Nov 18th, 2017
How to Deal with Crawl Errors in Google Search Console (Google Webmaster Tools)
Almost every web developer in the world has to deal with Google’s crawl errors, and it’s better to remedy problems quickly to prevent being penalised by Google’s ranking algorithm. Crawl errors let Google know that certain elements of your website aren’t working as they should, such as broken links, and, fortunately, most issues are easier to resolve than you might expect.
Some problems, such as DNS and server errors, usually require professional assistance, though there are some things you can try first to avoid calling your web developer. However, most common problems can be fixed by just about any amateur in a matter of minutes.
If you’re trying to master the skills of a professional web developer, you’ll benefit from learning how to deal with common problems without help. First, you’ll need to familiarise yourself with Google Search Console, previously called Google Webmaster Tools, as this is usually the key to eliminating the vast majority of crawl errors.
What is Google Search Console?
Google Search Console gives you insights into your website’s performance and highlights problematic areas that could affect your search ranking, and it’s also the platform that’s most widely used to identify crawl errors. Even though Google Search Console is intuitive and easy-to-use for most amateur developers, professional developers and SEO companies also use it almost constantly.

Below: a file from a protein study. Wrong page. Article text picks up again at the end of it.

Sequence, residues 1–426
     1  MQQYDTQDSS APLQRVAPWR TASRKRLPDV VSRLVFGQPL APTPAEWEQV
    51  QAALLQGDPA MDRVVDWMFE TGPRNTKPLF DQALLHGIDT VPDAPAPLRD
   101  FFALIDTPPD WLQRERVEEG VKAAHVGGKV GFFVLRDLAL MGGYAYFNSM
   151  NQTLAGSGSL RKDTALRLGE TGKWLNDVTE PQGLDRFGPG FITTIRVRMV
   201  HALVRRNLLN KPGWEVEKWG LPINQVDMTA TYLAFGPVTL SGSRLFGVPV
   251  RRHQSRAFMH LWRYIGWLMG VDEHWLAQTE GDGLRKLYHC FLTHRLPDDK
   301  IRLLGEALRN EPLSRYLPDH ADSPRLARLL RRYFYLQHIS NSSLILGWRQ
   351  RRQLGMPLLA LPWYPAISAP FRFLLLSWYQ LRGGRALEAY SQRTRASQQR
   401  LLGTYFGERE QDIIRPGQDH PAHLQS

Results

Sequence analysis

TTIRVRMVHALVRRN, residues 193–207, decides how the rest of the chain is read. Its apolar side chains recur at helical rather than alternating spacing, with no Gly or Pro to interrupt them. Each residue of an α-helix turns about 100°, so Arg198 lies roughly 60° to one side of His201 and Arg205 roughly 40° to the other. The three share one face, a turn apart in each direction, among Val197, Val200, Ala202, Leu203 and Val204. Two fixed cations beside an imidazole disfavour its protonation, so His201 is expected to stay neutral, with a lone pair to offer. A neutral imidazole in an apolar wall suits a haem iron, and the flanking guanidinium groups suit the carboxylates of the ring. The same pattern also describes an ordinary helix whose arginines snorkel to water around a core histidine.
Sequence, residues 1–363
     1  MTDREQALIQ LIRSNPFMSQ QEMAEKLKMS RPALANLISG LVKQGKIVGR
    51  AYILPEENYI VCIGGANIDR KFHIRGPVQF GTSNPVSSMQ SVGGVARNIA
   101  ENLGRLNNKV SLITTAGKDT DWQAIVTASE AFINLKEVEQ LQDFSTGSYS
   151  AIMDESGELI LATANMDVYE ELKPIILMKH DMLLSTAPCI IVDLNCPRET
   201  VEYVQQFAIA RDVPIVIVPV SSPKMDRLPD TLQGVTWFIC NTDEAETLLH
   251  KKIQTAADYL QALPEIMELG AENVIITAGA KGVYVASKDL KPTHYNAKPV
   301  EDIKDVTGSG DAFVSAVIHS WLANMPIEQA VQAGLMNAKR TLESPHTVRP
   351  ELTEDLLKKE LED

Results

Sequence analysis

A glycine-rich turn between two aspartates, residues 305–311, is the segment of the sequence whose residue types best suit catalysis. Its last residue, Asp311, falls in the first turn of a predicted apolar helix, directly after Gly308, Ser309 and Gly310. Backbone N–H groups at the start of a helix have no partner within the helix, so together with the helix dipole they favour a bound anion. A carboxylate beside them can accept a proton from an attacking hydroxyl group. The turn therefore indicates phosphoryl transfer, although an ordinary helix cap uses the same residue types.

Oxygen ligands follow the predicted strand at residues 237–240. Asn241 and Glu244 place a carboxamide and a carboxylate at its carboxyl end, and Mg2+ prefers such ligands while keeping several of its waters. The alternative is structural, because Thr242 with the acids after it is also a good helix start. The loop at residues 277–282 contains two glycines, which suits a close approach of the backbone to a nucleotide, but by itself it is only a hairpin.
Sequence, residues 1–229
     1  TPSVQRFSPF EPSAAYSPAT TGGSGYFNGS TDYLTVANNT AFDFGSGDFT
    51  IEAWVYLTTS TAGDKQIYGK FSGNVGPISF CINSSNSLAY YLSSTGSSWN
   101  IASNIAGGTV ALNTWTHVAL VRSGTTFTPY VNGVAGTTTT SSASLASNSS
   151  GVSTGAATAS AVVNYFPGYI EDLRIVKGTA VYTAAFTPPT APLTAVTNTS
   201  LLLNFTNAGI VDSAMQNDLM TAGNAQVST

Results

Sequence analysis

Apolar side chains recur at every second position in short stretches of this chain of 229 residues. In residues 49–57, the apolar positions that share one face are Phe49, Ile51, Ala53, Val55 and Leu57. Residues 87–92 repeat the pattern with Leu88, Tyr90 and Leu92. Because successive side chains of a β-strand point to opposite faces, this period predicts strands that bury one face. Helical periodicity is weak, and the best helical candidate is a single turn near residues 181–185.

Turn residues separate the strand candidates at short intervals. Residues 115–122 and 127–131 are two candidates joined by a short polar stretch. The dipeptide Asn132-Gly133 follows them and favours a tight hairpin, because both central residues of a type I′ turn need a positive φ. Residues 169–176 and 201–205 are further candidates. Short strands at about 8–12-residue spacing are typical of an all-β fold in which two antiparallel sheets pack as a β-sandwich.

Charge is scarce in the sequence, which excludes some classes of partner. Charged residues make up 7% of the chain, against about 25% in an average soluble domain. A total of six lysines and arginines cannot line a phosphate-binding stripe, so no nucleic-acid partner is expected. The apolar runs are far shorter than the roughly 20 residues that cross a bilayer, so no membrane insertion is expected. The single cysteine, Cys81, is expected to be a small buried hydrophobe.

For this article, I’ll be referring to the Crawl Errors view within Google’s Search console, which is split into two sections: URL errors and site errors. Site errors may be complex issues that require a professional’s healing touch, but URL errors are usually relatively straightforward to fix.
Before we start talking about how to refine your website maintenance skills, let’s take a look at the most common crawl errors you’re likely to come across as you optimise your website for the search engines.
List of Common Crawl Errors
- Server error (500)
If the Googlebot can’t navigate your website or access your URL, it will return a 500 error status code.
- Soft 404
Googlebot returns a “soft” 404 error code when it finds a 200 status code it thought should’ve been a 400 status code.
- Access Denied (403)
If one of your links leads to a URL that requires authentication, the Googlebot may return a 403 error. If you still wish to link to the URLs that are causing problems for the bot, you might want to use nofollow links, which instruct the Googlebot to disregard them.
- Not Found (404 / 410)
These errors return the classic “Not found” error message. Learn more about 404 and 410 status codes.
- Moved Permanently (301)
If the Googlebot follows a URL that redirects to a broken URL, it will return a 301 status code to the Google Search Console.